Most manufacturers rely on laser cutting as a highly efficient process for achieving precision cuts in many different materials. The manufacturing industry produces many different types of products, ranging from plastics to glass and steel. Laser cutting allows for each of these materials (and many more) to be subjected to laser energy. The energy provides small focal diameters that allow for utmost precision cutting during various manufacturing processes.
If you're wondering which materials are good candidates for laser cutting, this piece will explore some of the most commonly used items.
Stainless steel is one of the most common materials subjected to laser cutting. Through 2D, 3D, and minimal thermal impact cutting, many different lasers can be used to achieve precise cuts on stainless steel sheets and panels. As a result, the laser cutting process comes in handy for designing steel pieces for use in vehicle manufacturing and aeroplane design, and even in constructing pipelines.
Depending on the specific application, many different lasers can be used during the cutting process. For example, CO2 lasers and solid-state lasers are commonly used for varying widths of steel panels.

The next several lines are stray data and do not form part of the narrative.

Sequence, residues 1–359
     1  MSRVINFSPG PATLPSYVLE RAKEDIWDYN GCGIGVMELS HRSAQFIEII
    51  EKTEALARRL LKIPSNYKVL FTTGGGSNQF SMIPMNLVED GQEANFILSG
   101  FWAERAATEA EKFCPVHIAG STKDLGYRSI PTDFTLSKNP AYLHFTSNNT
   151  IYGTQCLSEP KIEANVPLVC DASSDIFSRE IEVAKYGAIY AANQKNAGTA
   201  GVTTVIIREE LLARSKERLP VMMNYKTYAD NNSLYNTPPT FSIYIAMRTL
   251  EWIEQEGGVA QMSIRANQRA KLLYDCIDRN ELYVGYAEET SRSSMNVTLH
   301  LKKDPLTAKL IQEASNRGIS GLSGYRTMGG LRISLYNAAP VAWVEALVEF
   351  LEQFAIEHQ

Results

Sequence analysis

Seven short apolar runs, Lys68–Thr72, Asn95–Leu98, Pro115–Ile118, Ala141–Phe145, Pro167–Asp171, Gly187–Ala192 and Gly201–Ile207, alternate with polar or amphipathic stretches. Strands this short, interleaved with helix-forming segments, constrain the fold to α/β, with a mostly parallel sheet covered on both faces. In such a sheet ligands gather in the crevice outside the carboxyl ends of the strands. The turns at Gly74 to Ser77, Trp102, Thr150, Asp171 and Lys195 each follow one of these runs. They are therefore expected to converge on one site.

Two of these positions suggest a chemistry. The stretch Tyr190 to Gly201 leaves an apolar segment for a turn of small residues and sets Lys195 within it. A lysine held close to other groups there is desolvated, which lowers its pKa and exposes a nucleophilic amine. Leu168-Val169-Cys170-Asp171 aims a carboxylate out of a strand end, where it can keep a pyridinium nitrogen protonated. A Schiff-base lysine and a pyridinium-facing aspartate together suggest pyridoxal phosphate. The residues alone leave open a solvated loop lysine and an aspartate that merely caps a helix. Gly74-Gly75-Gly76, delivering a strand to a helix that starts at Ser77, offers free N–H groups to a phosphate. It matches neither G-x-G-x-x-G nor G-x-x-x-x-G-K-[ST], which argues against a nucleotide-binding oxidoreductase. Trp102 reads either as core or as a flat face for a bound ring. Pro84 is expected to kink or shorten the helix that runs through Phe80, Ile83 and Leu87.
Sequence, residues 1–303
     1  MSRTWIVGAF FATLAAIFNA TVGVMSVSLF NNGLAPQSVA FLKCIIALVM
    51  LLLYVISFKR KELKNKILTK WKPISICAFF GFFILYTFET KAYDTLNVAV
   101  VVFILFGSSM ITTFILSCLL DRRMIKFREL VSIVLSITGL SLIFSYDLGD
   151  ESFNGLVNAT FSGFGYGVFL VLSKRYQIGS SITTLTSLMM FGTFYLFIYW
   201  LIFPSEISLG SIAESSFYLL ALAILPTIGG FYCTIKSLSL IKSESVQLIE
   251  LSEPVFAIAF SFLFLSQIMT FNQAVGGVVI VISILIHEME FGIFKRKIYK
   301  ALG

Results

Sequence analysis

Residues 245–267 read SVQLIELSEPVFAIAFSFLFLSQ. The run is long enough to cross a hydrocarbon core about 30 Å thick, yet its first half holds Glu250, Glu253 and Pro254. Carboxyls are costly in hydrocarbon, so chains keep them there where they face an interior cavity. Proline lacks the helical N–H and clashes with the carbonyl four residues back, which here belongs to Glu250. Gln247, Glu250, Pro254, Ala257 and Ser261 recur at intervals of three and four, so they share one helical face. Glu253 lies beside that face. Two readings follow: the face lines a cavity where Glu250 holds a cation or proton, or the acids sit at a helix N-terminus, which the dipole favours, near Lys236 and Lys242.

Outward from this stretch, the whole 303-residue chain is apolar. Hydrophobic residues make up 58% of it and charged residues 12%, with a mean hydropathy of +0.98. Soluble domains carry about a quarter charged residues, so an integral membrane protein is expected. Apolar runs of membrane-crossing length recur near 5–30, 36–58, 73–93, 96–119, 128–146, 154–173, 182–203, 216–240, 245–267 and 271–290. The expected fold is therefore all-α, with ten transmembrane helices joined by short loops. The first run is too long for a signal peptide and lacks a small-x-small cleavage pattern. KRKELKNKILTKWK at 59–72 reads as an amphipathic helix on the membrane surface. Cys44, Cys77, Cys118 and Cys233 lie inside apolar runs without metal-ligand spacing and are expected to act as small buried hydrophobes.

It would be difficult to imagine precise glass structures without laser cutting. This is because many mechanical processes that are used to cut glass often result in micro chipping and cracks that affect the integrity of the final product. In addition, lengthy post-manufacturing processes (such as polishing and grinding) often have to be carried out to fix chipped glass.
Thanks to laser cutting, glass surfaces can be shaped and designed with utmost precision. The laser does not cause any cracks or chips in the final product. Lasers can also result in unique shapes, such as curved and angled cuts, within the glass surface.
Copper and many other non-ferrous metals are normally subjected to laser cutting for many different applications. In addition to copper itself, zinc, silver, gold and platinum can also be laser cut with highly efficient results.
Depending on the thickness of the surface, either pulse or continuous-wave lasers will be used to provide accurate results with minimal energy consumption. It is important for the surface to be closely examined to avoid using cutting techniques that either take too much time or result in material wastage.
Plastic, mostly in the form of polymers, can be cut using CO2 lasers into multiple shapes and sizes. For example, thermoplastic is often cut and sized to form illuminated advertising materials for businesses. When done correctly, plastic can be laser cut using low energy consumption while producing highly accurate results.Share